When it comes to heart disease and stroke, smoking is the most preventable risk factor! That's why we encourage people to quit smoking or make a plan to quit on November 16, the 42nd annual Great American Smokeout.
hero_image_alt_text===Man rejecting a cigarette
thumbnail_alt_text===Man rejecting a cigarette
How Quitting Smoking Impacts Your Health
According to the American Heart Association and the U.S. surgeon general, this is how your body starts to recover when you quit smoking:
- In the first 20 minutes: your blood pressure and heart rate recover from the nicotine-induced spikes.
- After 12 hours: the carbon monoxide levels in your blood return to normal.
- After two weeks: your circulation and lung function begin to improve.
- After one to nine months: clear and deeper breathing gradually returns; you have less coughing and shortness of breath; you regain the ability to cough productively instead of hacking, which cleans your lungs and reduce your risk of infection.
- After one year: your risk of coronary heart disease is reduced by 50 percent.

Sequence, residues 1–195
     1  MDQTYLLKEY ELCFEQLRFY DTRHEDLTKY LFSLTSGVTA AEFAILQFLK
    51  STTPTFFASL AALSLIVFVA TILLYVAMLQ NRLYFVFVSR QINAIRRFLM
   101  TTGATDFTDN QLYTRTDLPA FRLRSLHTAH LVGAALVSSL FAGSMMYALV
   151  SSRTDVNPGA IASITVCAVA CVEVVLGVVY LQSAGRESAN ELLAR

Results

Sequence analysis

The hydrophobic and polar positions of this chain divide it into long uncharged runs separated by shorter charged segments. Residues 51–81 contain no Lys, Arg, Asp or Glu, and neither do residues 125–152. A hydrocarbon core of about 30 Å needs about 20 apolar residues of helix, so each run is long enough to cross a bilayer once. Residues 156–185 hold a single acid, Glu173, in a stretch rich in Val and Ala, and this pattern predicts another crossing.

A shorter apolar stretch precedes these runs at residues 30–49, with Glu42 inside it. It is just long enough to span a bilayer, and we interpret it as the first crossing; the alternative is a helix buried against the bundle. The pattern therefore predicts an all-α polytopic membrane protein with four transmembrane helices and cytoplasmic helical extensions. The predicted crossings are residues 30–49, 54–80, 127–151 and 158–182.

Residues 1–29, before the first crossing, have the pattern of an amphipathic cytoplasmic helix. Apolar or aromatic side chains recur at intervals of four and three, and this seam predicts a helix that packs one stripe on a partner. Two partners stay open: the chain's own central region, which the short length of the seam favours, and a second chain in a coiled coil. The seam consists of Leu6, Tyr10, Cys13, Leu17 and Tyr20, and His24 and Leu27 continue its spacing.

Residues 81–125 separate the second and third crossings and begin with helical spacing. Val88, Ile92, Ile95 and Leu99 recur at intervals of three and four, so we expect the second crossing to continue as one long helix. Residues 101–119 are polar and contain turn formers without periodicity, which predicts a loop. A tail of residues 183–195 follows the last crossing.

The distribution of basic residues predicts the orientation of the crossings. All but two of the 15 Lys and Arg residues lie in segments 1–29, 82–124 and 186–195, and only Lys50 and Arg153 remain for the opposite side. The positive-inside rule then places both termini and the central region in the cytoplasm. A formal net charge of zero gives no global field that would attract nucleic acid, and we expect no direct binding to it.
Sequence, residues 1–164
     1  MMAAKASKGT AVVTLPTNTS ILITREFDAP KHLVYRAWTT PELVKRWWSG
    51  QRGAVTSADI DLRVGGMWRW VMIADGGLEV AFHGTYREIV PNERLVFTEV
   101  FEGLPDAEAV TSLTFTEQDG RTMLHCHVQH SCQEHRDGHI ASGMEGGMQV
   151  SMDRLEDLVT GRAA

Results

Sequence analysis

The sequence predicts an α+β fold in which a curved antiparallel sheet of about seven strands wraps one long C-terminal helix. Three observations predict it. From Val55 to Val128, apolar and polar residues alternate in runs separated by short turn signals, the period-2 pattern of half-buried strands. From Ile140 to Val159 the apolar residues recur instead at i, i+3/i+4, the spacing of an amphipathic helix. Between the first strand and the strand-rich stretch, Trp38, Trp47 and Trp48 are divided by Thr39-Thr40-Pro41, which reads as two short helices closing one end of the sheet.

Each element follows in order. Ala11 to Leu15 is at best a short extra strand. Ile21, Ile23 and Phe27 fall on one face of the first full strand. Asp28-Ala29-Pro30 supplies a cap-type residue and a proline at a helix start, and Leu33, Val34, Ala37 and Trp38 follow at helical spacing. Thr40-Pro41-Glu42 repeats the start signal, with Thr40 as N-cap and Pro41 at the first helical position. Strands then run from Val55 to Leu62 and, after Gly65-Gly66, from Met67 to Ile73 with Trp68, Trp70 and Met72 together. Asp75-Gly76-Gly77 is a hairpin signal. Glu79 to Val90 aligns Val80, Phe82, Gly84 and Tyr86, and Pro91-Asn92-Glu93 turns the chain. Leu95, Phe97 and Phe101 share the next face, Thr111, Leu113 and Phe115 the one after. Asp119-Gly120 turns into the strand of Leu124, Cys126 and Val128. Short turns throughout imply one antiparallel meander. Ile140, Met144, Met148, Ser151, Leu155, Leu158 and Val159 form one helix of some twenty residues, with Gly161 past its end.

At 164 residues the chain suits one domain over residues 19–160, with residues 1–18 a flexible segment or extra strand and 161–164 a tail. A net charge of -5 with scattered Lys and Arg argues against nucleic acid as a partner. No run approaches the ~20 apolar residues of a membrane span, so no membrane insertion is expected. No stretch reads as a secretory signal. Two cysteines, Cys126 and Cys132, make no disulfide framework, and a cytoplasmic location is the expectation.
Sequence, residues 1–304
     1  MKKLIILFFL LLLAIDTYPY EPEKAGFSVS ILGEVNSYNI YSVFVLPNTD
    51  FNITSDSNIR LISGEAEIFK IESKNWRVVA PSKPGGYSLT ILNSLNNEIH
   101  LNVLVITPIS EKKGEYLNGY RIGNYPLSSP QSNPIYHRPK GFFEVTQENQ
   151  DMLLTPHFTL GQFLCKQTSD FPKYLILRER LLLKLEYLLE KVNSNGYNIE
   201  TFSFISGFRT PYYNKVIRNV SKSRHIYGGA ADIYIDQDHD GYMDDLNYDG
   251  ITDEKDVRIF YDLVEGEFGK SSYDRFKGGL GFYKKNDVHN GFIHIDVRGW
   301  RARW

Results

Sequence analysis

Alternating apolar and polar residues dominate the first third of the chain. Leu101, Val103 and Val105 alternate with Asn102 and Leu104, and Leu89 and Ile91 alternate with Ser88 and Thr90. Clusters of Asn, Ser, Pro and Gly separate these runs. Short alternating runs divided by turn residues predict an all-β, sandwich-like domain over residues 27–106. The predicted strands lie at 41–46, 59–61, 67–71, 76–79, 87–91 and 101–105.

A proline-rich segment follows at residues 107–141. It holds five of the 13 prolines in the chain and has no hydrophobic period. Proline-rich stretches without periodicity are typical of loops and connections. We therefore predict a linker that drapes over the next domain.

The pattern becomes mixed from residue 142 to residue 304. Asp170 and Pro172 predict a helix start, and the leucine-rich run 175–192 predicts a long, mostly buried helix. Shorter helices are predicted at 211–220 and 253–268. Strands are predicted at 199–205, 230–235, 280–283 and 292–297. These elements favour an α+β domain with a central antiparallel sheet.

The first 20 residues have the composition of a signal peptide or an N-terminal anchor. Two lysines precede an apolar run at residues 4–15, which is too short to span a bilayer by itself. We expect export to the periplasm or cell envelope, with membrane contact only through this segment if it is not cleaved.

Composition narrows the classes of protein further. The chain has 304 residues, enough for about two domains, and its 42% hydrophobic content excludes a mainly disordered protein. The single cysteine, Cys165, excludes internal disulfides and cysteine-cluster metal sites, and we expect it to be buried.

- After 5 years: Your risk of cancer of the mouth, throat, esophagus, and bladder are cut in half. Your risk of cervical cancer and stroke return to normal.
- After 10 years: You are half as likely to die from lung cancer. Your risk of larynx or pancreatic cancer decreases.
- After 15 years: your risk of coronary heart disease is the same as a non-smoker’s.
Visit heart.org for tips to quit smoking.
Let's Help Youth Not Start Smoking
Did you know that 95% of smokers begin smoking before age 21? And many smokers move from experimenting with tobacco to regular smoking during the ages of 18-21. That's why tobacco companies target kids and young adults. Once our youth is addicted to nicotine, it is difficult for them to stop, and the health consequences begin immediately and accumulate over a lifetime.
According to the CDC, one of every three young smokers will eventually die of a smoking-related illness or disease. Since tobacco is so harmful, we should do everything we can to prevent tobacco use among young people. In an effort to reduce our youth's access to, and use of, tobacco products, the American Heart Association urges Florida legislators to support a bill that would increase the minimum legal sale age for tobacco products to 21. We hope you'll join us in this effort to reduce smoking and save lives! Let's prevent the tobacco industry from attracting a new, loyal generation of users!
We'd love to hear from you. How will you celebrate the Great American Smokeout? Do you support prohibiting retailers from selling tobacco products to anyone under 21? Comment below!